Santa Catalina, this small vereda in the sub-municipality of Urrao, Antioquia, has a long tradition of small-holder farming. For growing coffee the region is ideal, altitude starting at 1800 meters on the valley floor, and not uncommon to see Caturra growing at 2100+. Finca La Primavera tops out at 2010 meters according to my GPS, and almost solely planted in Caturra (9k of 10k trees). Plantain trees are an effective means of shade, and are planted in abundance on the 3.5 hectare farm. Run by señor Sepulveda, his coffee took 5th place out of over 800 entries in last year's Taza de Antioquia. Cold water springs are also plentiful, and make for slightly longer fermentation times (around 24 hours). This makes for a fruit-forward cup, due in part to the confluence of long fermentation times, high altitude, varietal, and climate. Rains persist throughout the year seeing coffee on the trees every 3 weeks or so. Because of this, like Inzá on the opposite side of the country, Urrao has two "peak" harvests instead of the common "main" and then the much smaller "fly" crops that are a product of lower levels of precipitation. This is our second lot of this beautiful coffee, only a mere 4 bags once again.This coffee is part of our Farm Gate pricing program.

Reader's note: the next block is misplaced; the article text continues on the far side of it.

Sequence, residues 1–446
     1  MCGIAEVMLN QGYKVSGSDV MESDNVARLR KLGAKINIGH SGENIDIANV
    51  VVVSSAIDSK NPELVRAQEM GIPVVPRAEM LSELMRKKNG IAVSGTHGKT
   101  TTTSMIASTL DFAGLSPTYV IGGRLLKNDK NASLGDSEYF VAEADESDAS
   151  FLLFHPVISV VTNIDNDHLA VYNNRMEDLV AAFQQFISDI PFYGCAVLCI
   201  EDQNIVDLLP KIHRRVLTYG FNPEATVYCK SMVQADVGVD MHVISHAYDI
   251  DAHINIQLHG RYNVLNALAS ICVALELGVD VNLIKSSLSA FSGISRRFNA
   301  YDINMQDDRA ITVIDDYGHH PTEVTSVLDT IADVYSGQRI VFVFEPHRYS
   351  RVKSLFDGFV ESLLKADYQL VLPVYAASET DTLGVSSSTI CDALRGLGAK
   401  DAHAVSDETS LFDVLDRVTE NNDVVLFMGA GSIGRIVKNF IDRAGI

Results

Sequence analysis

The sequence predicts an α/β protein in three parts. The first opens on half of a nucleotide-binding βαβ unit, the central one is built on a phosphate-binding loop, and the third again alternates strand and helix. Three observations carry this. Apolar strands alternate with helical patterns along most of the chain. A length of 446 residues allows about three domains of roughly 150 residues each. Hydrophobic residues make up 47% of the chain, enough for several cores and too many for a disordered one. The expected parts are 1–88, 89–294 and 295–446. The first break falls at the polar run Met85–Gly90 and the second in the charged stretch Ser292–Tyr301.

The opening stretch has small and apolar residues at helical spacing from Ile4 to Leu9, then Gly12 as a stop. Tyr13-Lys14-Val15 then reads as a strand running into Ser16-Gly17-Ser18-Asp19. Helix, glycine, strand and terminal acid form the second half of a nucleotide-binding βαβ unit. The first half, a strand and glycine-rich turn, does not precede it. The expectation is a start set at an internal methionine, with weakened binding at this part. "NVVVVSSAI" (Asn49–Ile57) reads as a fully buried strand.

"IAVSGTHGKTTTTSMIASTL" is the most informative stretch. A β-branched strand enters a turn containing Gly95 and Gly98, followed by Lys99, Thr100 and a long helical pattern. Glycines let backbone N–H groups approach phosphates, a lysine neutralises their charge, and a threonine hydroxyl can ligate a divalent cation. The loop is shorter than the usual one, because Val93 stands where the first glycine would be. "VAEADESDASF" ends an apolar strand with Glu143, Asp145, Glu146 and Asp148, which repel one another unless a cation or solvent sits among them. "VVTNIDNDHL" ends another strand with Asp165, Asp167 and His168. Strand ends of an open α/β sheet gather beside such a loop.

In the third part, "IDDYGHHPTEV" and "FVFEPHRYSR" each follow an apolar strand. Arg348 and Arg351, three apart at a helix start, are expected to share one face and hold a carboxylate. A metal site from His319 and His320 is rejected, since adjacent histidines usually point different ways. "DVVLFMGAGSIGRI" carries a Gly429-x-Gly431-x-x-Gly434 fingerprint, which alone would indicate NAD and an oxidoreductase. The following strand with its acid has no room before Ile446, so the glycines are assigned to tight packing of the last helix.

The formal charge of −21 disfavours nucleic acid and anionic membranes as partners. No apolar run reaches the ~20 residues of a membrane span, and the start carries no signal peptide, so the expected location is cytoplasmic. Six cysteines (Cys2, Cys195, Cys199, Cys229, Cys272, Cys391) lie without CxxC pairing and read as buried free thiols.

The dry fragrance of La Primavera is honey-sweet, and with a spiced, fruit jam smell. We found the sweetness overall to be much more well-developed at City+ and Full City roast levels, heavier fruit and sugar smells, black plum and dried cherries, a Scharffen Berger dark chocolate smell as the roast deepens. The aroma in the steam is buttery-sweet, like butterscotch sauce, and fruited notes build, with a peach preserves smell on the break. You get a sense of these aromatics in the brewed cup, though perhaps a bit more restrained than the wet aroma lets on. As it cools, fruited notes proliferate and have the sort of brisk/cleanliness of fruit teas. For me, stone fruit smells are the first to be ID'd, tart apricot and nectarine, blending nicely with a balanced sweet and bitter 'coffee' center. I pick up on some tropical notes too, mango and guava, but more as 'suggestions'. Acidity is mild to moderate, sharing qualities with black tea/tannic-like, and some similarity to black olive too without the metallic edge. Our darkest roast was a solid Full City, which developed dense bittersweetness, cocoa and burned sugars, along with darker fruit flavors like ripe plum and Mission figs. La Primavera is a dense coffee, versatile in the roaster, with our best roast results starting around a City+ roast level.
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